CJ: So it is all least six to seven drafts?
BS: Yeagh. Usually, about six or seven drafts.
CJ: I have heard you talking about the authors within the genre that have influenced you. I am more interested in the authors outside of the genre that have influenced you. I think it says a lot about writers in general. What can you tell me about those?
BS: Oh, boy… There is a ton! I would say that my single biggest influence outside genre is Les Misérables by Victor Hugo, one of my favorite books. I love his use of character. Another is Moby Dick, and really all the writings by Herman Melville. I like his world building. Theirs feel like epic fantasy novels. That is one of the places I went to learn world building. Sherlock Holmes for plotting, of course, [Conan Doyle] is awesome. And Jane Austen, for relationships. You can steel from each of this: you can see world building, plotting, relationships, and all those things coming together with characters. There are a lot of great things in what we call Literature, as suppose to genre fiction, although I don't know if that distinction is useful or not. There are a lot of things in there that feel like fantasy, even if they aren’t. You can learn a lot by reading outside your genre. I find that it brings things inside on what you are writing.
CJ: Right now, what things outside of your genre are you reading?
BS: The last things were mostly non-fiction. Non-fiction can be really useful to a writer when you are looking for ideas, when you are exploring. So I read a lot of psychology books. Why gender matters was a really good one. Things like Freakonomics, I find fascinating. I read a really good book about North Korea –see if I can remember the exact tittle- … Nothing to envy. It was mainly interviews with North Korean people who had escaped North Korea. That one was really good for looking at a different world and understanding it.
CJ: They asked me to ask you if you keep a sort of Wikipedia of Cosmere to avoid any contradictions.
BS: Yes. We actually use it! You said Wikipedia, and we use a Wiki. It’s called WikidPAD. It’s open source wiki software and it’s the source of all continuity for the Cosmere. After I finish a book, I give it to my continuity editor –Karen- who goes through it, and ads all the things from the new book to the Wiki. Peter, who is my editorial assistant, will go though it to see if there is anything that is contradicting. I usually have a big list of contradictions that I need to revise or rewrite or change.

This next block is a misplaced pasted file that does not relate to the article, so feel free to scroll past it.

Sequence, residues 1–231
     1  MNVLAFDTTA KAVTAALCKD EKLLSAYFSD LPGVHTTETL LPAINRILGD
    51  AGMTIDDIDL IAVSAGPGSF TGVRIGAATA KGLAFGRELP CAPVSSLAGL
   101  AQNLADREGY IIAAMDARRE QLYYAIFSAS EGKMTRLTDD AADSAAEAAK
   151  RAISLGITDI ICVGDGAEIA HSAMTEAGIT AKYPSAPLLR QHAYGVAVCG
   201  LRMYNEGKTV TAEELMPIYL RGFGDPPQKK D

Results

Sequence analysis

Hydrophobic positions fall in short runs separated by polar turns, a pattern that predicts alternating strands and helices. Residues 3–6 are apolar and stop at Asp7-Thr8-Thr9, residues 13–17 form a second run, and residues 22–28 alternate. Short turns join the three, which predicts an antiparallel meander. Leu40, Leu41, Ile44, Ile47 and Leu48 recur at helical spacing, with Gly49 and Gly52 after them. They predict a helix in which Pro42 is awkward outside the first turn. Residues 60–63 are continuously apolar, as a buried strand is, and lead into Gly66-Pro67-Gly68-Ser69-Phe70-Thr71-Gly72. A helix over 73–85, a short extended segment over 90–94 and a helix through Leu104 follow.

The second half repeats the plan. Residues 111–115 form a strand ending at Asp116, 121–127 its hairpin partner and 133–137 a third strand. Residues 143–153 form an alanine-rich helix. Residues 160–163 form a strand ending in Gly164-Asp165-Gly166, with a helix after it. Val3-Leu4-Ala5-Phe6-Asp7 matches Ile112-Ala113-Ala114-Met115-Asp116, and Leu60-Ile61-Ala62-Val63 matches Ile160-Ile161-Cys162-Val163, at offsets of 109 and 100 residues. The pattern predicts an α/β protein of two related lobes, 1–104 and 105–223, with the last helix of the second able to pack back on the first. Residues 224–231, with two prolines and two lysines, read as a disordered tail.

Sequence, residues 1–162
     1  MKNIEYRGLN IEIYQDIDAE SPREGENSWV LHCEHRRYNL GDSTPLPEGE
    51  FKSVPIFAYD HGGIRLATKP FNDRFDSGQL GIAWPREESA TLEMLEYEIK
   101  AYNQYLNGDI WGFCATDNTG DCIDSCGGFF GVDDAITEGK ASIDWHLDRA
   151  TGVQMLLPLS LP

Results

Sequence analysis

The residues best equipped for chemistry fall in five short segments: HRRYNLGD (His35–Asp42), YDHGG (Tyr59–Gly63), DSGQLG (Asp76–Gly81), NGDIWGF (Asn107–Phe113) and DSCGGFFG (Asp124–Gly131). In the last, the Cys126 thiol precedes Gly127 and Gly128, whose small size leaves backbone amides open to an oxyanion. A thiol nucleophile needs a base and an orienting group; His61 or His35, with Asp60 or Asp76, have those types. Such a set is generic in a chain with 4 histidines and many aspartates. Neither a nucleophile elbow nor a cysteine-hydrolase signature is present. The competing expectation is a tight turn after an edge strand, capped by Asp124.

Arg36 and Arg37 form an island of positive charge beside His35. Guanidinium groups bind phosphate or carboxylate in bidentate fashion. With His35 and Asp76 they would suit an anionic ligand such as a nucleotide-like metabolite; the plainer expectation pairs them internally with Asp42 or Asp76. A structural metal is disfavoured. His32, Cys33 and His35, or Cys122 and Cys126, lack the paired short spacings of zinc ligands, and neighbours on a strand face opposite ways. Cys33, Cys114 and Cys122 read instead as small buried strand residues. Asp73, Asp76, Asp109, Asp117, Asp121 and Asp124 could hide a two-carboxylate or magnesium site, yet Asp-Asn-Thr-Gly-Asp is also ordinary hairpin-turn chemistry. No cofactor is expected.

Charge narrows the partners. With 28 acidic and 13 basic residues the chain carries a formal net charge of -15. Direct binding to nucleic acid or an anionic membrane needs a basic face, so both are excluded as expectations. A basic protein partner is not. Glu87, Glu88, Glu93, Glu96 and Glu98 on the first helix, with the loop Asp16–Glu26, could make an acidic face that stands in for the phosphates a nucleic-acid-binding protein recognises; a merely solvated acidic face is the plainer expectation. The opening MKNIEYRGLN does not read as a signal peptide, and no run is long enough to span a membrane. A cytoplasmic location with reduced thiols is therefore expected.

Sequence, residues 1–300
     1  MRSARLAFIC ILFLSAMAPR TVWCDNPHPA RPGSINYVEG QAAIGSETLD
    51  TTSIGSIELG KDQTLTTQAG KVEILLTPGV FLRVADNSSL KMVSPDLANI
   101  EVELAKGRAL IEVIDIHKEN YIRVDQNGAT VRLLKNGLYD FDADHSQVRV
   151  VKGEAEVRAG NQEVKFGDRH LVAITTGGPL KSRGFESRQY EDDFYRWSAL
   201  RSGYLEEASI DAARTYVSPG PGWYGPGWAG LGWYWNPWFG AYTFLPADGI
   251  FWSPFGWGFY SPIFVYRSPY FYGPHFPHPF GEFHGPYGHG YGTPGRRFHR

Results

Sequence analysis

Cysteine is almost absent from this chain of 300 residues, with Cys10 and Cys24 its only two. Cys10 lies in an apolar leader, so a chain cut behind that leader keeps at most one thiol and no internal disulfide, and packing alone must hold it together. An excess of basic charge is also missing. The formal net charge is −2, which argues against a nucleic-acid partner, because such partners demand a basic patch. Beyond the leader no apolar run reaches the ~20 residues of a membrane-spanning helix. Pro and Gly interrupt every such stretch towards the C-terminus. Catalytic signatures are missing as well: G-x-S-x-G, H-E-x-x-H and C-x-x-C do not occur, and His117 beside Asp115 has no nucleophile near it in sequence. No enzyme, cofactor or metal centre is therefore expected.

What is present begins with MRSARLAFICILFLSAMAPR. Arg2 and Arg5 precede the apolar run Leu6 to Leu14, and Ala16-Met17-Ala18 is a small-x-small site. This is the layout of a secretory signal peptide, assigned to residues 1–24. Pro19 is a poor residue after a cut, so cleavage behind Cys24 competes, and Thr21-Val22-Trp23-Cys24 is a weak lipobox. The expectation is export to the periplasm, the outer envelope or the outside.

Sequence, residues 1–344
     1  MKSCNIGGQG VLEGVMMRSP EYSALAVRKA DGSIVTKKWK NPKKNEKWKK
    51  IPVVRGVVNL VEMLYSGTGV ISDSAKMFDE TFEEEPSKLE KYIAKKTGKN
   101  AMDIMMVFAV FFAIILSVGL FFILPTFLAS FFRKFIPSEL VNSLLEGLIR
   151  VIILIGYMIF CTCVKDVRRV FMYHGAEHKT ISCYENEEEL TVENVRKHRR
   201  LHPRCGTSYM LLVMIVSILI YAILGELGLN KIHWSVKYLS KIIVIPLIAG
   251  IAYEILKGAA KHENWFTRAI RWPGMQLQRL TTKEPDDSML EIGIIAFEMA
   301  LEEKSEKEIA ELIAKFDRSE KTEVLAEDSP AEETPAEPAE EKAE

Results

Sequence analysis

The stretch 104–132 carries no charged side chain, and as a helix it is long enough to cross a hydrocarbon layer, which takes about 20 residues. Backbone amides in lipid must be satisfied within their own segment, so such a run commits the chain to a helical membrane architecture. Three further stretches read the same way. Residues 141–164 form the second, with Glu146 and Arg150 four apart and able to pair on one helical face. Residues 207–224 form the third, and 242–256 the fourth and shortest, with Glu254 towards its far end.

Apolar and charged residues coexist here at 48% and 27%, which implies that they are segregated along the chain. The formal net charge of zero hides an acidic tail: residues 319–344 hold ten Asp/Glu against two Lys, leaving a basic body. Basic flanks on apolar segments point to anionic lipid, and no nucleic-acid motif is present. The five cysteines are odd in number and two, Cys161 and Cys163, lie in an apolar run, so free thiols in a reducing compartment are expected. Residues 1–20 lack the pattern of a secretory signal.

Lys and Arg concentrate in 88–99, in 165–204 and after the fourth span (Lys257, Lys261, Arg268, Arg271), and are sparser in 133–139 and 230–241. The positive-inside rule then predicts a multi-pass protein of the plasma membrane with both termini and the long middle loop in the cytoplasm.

CJ: I didn't know there was this fan web site called 17th Shard. I knew there were lots of fan sites, but I didn’t know there were so well organized like this one. I went to take a look into it. It’s a mazing the amount of information and how well systematized is it. You mentioned that, sometimes, you get to see what they are doing, and your assistant goes pretty regularly. Any of the theories they post, do any of them influence you a little bit?
BS: This is dangerous because, as a fan of the Wheel of Time, I’ve read all of the fan’s theories. As a writer, looking at these “signing on my one”, I feel that, if you change something because of a fan’s theory, you are in danger of undermining all of your foreshadowing. You have to be really careful as a writer: they are going to guess things; they’ll figure it out. You can’t feel bad if they do, because that just means that your foreshadowing is good. They are occasionally things that fans will say that spark me in an interesting direction of the world building. Like “Oh, yeagh… I should be thinking about this”. It’s not usually what they say, but the concepts they talk about that will send me in a certain direction. So, does influence me? Not as much as people might think, but it does.
CJ: Whitesand is going to be published as a graphic novel. Do you have any other projects to be published in that format?
BS: Right now, this is the only one that we have. We thought about doing several others, but we really want to see if people like this one, if this one sells well and if it's interesting to people. If so, we definitely will do more. So far we have shelved every project we’ve came up with -other than this-, because we don't know if this is going to be successful or not.
CJ: Let’s talk about your next book published in Spanish. How excited you are? Are you looking for coming as a special guest to the BCon2016 in November?
BS: I love coming to Spain! My wife studied abroad in Spain, and she speaks Spanish. The very first country that I was invited to as a writer was Spain. I was invited to Barcelona to do the speech at the UPC award. That was my first trip where someone outside of the United States even cared who I was. So I’ve always loved coming to Spain. I tried to get there every year or two. I’m really excited to be having The Reckoners coming out in Spain, as well as Steelheart. I’m super excited to be coming to the Convention in November. I’m glad that the timing worked out, because I was coming to Italy and, it turns out there is a Con next weekend in Spain, so…
CJ: Can you tell us something special for our readers, something that nobody knows? For the Spaniard only!
BS: Oh, My Goodness! For the Spaniards only… about The Reckoners specifically? Let’s see… what nobody knows… So, right now I’m writing a novella, because in all my plane flights I work on a novella. I’m working on a science fiction novella called Snapshot and nobody knows that yet.